At one point, I missed a very big-budget flight from New York City to Westminster. This was the costliest of my travel mistakes. Just the thought of it makes me remorseful of my actions on that day.

Being late for anything in general, not just traveling, can cost you a lot (a job, a relationship, or even your life).

My tardy ways have cost me more than I bargained for. If you’re planning for your next trip, it’s best you do some research on the time you will take to travel from your current location to the airport, train or bus station.

When you have a rough estimate of the time you may take, allocate yourself some extra time in case of queues, traffic, border control and generally all forms of unexpected delays.

9. Traveling With No Form of Travel Insurance

When you travel on an expensive trip and non-refundable travel plans without buying travel insurance, you may live to regret it for the rest of your life.

With no refunds, you could be out of luck if your trip is unexpectedly cut short due to bad weather or you have to cancel it yourself.

Before your travel date, ensure you’ve purchased legitimate travel insurance. Having travel insurance can refund you whatever amount you used for your trip in case of any setbacks or health issues.

Additionally, consider signing up a for a travel credit card that offers different coverages such as primary auto rental coverage, trip interruption/cancellation insurance as well as baggage delay insurance at no cost at all. That’s one of the perks of being a registered cardholder.

Now that you know about it early enough, you can take the necessary steps to avoid losing massive amounts of money for canceled trips.

10. Being Unprepared for Possible Injuries

Getting hurt at home may not be much of a big deal but sustaining serious injuries while overseas can be an outright nightmare. While hiking in Alaska, I accidentally, slipped on ice and severely bruised the middle finger on my left hand.

Though I walked away with an unfractured finger, my entire holiday was ruined due to the unbearable pain. At some point, I had to part with a certain amount for a comprehensive checkup. Though it wasn’t much, it really ruined my initial budget big time.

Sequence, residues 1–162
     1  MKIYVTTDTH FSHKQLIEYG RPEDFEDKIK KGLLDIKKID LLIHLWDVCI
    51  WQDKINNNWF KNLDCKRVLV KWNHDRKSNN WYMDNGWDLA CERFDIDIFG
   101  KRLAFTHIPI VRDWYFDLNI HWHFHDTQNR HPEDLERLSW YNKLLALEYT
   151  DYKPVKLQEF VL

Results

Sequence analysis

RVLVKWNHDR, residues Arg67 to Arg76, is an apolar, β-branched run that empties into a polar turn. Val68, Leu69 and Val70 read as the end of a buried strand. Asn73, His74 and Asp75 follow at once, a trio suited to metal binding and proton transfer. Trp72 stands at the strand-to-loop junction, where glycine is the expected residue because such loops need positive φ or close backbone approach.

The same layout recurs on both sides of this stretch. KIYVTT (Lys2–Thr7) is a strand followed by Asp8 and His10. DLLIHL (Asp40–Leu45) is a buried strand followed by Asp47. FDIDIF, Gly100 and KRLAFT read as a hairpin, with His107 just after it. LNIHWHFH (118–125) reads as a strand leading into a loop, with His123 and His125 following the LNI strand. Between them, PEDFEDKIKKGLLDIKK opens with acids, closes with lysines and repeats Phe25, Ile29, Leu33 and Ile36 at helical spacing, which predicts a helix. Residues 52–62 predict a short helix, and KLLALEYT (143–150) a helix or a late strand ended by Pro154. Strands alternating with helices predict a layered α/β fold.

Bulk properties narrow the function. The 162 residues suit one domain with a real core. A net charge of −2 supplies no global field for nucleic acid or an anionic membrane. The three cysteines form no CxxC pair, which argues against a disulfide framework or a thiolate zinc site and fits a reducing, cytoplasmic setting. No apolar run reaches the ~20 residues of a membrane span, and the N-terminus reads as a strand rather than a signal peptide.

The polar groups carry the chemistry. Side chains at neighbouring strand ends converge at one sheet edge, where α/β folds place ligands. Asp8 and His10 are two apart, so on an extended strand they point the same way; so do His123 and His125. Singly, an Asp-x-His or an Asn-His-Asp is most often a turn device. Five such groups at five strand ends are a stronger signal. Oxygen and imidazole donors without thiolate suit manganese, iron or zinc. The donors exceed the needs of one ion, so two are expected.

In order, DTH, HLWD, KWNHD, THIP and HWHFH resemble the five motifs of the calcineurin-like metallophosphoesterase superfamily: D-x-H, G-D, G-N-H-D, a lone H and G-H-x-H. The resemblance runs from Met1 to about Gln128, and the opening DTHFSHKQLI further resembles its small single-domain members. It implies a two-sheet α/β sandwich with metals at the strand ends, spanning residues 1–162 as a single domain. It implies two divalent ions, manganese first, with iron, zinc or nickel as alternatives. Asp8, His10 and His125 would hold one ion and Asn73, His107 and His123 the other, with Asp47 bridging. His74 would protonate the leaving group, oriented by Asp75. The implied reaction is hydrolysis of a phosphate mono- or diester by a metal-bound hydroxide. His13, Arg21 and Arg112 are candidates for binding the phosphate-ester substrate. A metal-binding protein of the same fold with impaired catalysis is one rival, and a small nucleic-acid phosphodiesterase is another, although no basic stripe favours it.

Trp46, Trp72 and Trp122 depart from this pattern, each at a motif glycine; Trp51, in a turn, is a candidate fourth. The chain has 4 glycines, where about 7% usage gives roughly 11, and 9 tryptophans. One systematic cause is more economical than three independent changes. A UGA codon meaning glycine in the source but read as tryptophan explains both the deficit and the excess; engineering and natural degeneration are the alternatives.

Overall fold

What if the injury could have been more serious than it was? The time and money I could have spent on adventurous escapades could have been spent on medical consultations.

That being said, it’s important to set aside money for emergencies such as these. Most people overlook the fact that accidents can happen at any time. On the other hand, if you already have global medical insurance, you’re better off. If you don’t ensure you get one – and fast.

Also, watch yourself. If you’re traveling on a trip that is mostly about climbing ruins or hiking, don’t forget to include suitable footwear on your checklist. Always hold on to the handrail when going up or down the stairs in icy places.

11. Misplacing Your Passport

This has got to be the most common of traveling mistakes. As everyone knows by now, a passport is among the most valuable items any travel can have in their bags or pockets. Losing it consequentially leads to being stranded in a foreign country until an emergency passport is processed.

Before you’re issued with one, there are extra costs that you’ll have to cater to first. You probably never included it in your budget, but when the need arises, you won’t keep a tight hold of your money any longer. On top of that, your travel will be disrupted and so will your plans.

While in Australia, I lost my passport while exploring Sydney and what it had to offer. I made my way to the Australian Consulate-General and made an application for a new passport.

As you can imagine, the paperwork involved was really time-consuming. At the end of it all, I had to pay a hefty fee.  Applying for a refund was out of the question at this point.

Your passport is an integral part of your travel. Whenever you step out, avoid taking it with you. Though there are steps you can take when you lose your passport, it pays to leave it safe at home.

Most countries nowadays accept a foreign license be it a digital or hard copy of the same for identification purposes.

12. Letting Your Guard Down

In any travel, your safety is of utmost importance. The worst thing you can expect to happen to you is being robbed – even in broad daylight. Even the most seasoned travelers can attest to have been robbed of their valuables at one point or another.